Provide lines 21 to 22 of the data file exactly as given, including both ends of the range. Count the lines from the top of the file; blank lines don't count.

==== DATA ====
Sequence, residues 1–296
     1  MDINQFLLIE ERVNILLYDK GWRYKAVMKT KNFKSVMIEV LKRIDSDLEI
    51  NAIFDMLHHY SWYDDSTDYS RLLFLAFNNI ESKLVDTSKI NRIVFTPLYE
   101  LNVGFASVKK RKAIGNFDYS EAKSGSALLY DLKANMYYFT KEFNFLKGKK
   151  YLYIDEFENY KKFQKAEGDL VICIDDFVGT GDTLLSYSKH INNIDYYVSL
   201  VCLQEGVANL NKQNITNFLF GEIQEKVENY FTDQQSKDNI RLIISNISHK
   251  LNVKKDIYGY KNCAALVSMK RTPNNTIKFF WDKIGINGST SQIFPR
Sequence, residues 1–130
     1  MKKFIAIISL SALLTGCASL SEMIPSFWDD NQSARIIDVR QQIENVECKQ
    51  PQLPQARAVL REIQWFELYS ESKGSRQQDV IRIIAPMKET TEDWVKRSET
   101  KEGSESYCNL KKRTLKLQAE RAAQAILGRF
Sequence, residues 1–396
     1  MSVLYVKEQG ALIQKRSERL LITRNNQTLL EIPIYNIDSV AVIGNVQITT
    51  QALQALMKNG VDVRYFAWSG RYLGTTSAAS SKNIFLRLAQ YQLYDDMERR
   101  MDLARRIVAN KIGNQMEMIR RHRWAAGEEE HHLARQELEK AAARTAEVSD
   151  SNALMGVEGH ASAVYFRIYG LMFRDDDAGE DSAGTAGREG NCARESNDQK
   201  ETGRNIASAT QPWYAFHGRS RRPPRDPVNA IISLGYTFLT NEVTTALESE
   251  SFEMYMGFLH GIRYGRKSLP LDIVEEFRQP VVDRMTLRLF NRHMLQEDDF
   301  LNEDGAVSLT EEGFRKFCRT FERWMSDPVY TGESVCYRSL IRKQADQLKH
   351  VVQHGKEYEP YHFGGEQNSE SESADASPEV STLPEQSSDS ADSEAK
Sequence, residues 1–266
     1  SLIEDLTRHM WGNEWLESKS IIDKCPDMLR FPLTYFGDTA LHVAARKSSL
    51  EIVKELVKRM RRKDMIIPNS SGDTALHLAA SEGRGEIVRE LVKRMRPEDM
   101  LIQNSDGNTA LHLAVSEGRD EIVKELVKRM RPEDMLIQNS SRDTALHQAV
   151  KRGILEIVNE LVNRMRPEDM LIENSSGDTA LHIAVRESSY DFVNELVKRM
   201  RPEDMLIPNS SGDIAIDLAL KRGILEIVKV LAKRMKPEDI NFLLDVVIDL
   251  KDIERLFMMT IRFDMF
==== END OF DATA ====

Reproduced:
Sequence, residues 1–266
     1  SLIEDLTRHM WGNEWLESKS IIDKCPDMLR FPLTYFGDTA LHVAARKSSL